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In the Neighborhood: Arts & Culture in Washtenaw County

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Over the summer I was contacted by Ann Arbor Area Community Foundation and my friend Decky Alexander, Director of Engage at EMU to participate as a Navigator for In the Neighborhood, a new initiative to gather answers from residents about arts and culture in Washtenaw County. My role was to identify two artists who would facilitate an event, culling answers from ten attendees while creating art in tandem with conversation. Priority was given to getting to the root of what our neighborhoods feel like, how they do or don't function, who was making art, who was being heard and who wasn't. It was a tall order to fill. 

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A while back Nick and I had worked on this idea to bring students and professionals to prepare and share meals together. The idea was not funded but I thought this was an opportunity to build a "safe" environment while enjoying in food. It was also a chance to build an ephemeral art happening where we had no clue what the outcome would be. 

The first artist I called upon was Marisa Dluge. As a performer with a effervescent presence, I knew she would be phenomenal at harnessing the energy of a group. She came up with the brilliant idea to include Elize Jekabson, chef and sculptor. As we started brainstorming, it was evident Elize's contribution would be key to the art building process and reflection aspect of the project. One of our planning meetings took place at Hyperion Coffee. It wasn't until I counted the chairs at the beautiful wood surface that I realized there were 10 chairs.  We were sitting at the surface our evening would take place at. Eric Mullins, one of the proprietors (and dinner guests) was generous in his time and effort and quickly agreed to let us hold the dinner there. Nick documented the evening, of course. 

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We invited guests based on who we thought would have a valuable voice but may not have the platform to share these ideas regularly. The group included artists, a musician, belly dancer, event planner, and three high school students very involved in The Learning Studio

We centered our courses around key questions the AAACF was seeking responses to. We pared them down to five courses. 

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Course 1: Building | Salad: How do you define your neighborhood?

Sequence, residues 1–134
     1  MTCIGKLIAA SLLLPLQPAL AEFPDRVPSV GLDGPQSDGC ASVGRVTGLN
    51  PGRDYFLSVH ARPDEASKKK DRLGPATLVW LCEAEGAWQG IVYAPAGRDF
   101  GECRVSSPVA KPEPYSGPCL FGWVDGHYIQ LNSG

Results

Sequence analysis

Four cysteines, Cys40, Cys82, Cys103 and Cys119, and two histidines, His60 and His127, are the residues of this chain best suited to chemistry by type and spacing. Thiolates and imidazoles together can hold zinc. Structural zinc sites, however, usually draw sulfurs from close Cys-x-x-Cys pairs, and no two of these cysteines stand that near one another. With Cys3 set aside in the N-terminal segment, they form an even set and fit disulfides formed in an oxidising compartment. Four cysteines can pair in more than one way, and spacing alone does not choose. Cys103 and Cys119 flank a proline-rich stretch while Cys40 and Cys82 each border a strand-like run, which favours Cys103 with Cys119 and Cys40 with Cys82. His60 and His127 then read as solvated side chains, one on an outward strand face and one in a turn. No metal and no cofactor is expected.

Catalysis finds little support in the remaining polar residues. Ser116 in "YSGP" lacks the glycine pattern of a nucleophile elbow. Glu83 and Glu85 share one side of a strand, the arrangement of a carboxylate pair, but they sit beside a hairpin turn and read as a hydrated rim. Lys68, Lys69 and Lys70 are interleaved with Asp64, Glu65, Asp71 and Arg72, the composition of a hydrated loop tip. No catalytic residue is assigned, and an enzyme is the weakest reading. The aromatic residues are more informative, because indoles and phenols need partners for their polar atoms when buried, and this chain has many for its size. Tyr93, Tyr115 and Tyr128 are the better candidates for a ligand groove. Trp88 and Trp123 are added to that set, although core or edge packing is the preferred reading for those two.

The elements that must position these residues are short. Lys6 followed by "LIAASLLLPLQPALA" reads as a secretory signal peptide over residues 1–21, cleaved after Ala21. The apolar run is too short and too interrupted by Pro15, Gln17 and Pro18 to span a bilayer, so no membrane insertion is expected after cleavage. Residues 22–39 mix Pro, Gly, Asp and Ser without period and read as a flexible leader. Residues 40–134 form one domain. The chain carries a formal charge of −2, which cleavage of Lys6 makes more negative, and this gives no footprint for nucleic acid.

Course 2: Drawing | Sauces: What does the arts and cultural landscape look like? Feel like in your neighborhood?

Course 3: Deconstruction | Rice Rolls: What's missing from your neighborhood?

Course 4: Dialogue | Lasagna

Course 5: Closing | Ice cream

 

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Over the course of the evening we realized our goal to serve, document, and capture five courses was a bit lofty. (In the interest of time, we skipped the Deconstruction course. By then everyone was hungry after an hour of conversation and building). The conversation between strangers was flowing and organic, unearthing more pondering. It's difficult to convey how rich the conversation was but a few key lines resonated with me. 

What builds your neighborhood isn’t just your neighbors…it could be the way the air smells. 

It has potential but it’s just not used. The people there can be something or someone but they choose to involve themselves in the streets. There’s a lot of athletes where I live but they involve themselves in the wrong crowd, messing them over. 

I’m an outcast, I’ve been in Ypsi for the last 10 years or so. Now I live in College Heights and there’s me driving down the road in a rusty ass truck. And they’re all with their kids and strollers and I’m like “never”. 

I don’t interact with my neighbors too much. We live in an apartment complex. I recognize a good chunk of you from being around Ypsi. It’s an abstract idea, but I know a group of people around Ypsi I have things in common with. 

So maybe neighborhood is more in the people you know. 

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After building the first course:

We were trying to create the Water Tower - something that everyone identifies with as a landmark. My north star. 

This is the best representation of a neighborhood because we all did our own thing. We blended. We didn’t discuss but we worked well together and that shows how a neighborhood works. 

There’s a lot of connections and overlaps in pockets of art. I think it’s organic.